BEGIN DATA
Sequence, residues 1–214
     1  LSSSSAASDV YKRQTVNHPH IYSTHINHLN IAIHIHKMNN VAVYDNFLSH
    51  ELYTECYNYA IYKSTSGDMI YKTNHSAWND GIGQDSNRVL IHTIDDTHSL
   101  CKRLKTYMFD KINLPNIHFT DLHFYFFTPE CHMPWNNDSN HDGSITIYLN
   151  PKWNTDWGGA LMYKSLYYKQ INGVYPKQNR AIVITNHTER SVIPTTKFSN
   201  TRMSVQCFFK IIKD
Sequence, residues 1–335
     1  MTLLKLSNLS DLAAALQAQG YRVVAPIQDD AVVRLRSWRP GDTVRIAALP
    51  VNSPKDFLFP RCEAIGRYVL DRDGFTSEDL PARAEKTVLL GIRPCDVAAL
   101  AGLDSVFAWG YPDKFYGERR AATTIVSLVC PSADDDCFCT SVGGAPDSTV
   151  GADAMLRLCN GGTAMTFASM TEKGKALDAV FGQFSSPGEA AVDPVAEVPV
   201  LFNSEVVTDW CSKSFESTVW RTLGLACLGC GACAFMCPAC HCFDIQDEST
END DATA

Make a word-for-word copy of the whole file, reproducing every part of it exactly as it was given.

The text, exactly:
Sequence, residues 1–214
     1  LSSSSAASDV YKRQTVNHPH IYSTHINHLN IAIHIHKMNN VAVYDNFLSH
    51  ELYTECYNYA IYKSTSGDMI YKTNHSAWND GIGQDSNRVL IHTIDDTHSL
   101  CKRLKTYMFD KINLPNIHFT DLHFYFFTPE CHMPWNNDSN HDGSITIYLN
   151  PKWNTDWGGA LMYKSLYYKQ INGVYPKQNR AIVITNHTER SVIPTTKFSN
   201  TRMSVQCFFK IIKD
Sequence, residues 1–335
     1  MTLLKLSNLS DLAAALQAQG YRVVAPIQDD AVVRLRSWRP GDTVRIAALP
    51  VNSPKDFLFP RCEAIGRYVL DRDGFTSEDL PARAEKTVLL GIRPCDVAAL
   101  AGLDSVFAWG YPDKFYGERR AATTIVSLVC PSADDDCFCT SVGGAPDSTV
   151  GADAMLRLCN GGTAMTFASM TEKGKALDAV FGQFSSPGEA AVDPVAEVPV
   201  LFNSEVVTDW CSKSFESTVW RTLGLACLGC GACAFMCPAC HCFDIQDEST